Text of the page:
Citing the fatal shooting of a 17-year-old boy before Christmas, the Orange County, Ca., District Attorney’s office is seeking an emergency court ruling to enforce a gang injunction against ten people who are fighting their inclusion in the action targeting the Townsend Street gang, reports the Voice of OC. District Attorney Tony Rackauckas says the injunction was in response to “decades of violent crimes committed by this gang and numerous residents pleading with law enforcement to eliminate the gang presence so that they no longer have to live in fear.” Attorneys for those contesting the injunction say the DA's office is exploiting the boy's death to win its case and that prosecutors have no direct evidence that the incident was gang related.
The injunction restricts the otherwise legal activities of gang members in a .39-square-mile area dubbed a “safety zone.” Those enjoined are prohibited, for example, from associating with gang members in public spaces in the safety zone, with the exception of spaces such as schools or churches. Rackauckas says “gang injunctions work to reduce crime,” noting that violent crime in county injunction zones "fell by up to 65 percent after the injunctions were put in place." University of California Berkeley criminologist Barry Krisberg said research has found gang injunctions have no impact on violent crime. Only a few studies found an impact on property crimes such as car thefts or burglaries, he said. “Generally speaking they have very limited and almost no real impact on a crime problem," said Krisberg.
U.S. Attorney Loretta Lynch of Brooklyn, whose nomination as Attorney General goes before the Senate Judiciary Committee this week, had a formative experience as a legal advisor to the International Criminal Tribunal in Rwanda that gave her a global perspective that sets her apart from most who have held the top U.S. law enforcement job, the Los Angeles Times reports. Lynch traveled repeatedly to Africa over six years, helping to train inexperienced lawyers serving at the United Nations-established court who were given the task of prosecuting those responsible for the 1994 genocide.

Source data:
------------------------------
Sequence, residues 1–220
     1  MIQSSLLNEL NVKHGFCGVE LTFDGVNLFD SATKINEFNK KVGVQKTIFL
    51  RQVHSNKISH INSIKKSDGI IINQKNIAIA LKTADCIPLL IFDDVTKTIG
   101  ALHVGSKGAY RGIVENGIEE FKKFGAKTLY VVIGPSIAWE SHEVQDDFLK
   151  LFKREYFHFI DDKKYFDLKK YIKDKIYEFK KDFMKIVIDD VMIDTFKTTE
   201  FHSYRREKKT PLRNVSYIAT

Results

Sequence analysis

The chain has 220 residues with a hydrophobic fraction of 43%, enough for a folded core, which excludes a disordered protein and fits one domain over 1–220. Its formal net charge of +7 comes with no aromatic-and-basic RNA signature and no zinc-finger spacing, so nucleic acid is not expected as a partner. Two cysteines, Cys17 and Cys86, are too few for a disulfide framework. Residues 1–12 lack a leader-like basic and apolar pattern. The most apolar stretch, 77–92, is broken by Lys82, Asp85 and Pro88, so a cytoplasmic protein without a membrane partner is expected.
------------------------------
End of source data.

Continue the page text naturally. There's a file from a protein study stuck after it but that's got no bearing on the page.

With a security guard in tow, she drove through lush, terraced mountainsides to interview survivors about the horrors they endured and investigate gruesome atrocities that convulsed Rwanda and left 800,000 people dead. Lynch's overseas contacts and experience with international law could prove helpful in a job that has been transformed since Sept. 11 into one of the key national security portfolios in Washington. In a powerful speech four years ago, Lynch spoke movingly about how the Africa job shaped her as a person and as a prosecutor. "My work there was defining for me in many ways," she said.
“In order to restore trust between police and the communities they serve, our nation’s police must collectively apologize,” says the Rev. David Couper of St. Peter's Episcopal Church in North Lake, Wi., himself a former police chief. “It is what we need today to begin to heal the relationships between blacks and police. It is the only way to move past events of Ferguson, Staten Island, Cleveland and the residual effects we all have inherited from slavery, Jim Crow, and pernicious and residual racial discrimination.” The New York Times says Couper has battled rank-and-file officers to instill a less adversarial and confrontational form of policing.
His book on the subject, “Arrested Development,” was self-published by default. “What David is trying to say is this,” said Mike Masterson, a protégé of Couper and the police chief of Boise, Idaho. “If I were running a large corporation and part of the society is having a huge problem with one of our products and that backlash can hurt my company, then I’d do everything in my power to make amends for that." Couper, 77, was police chief of Madison, Wi., from 1972 to 1993.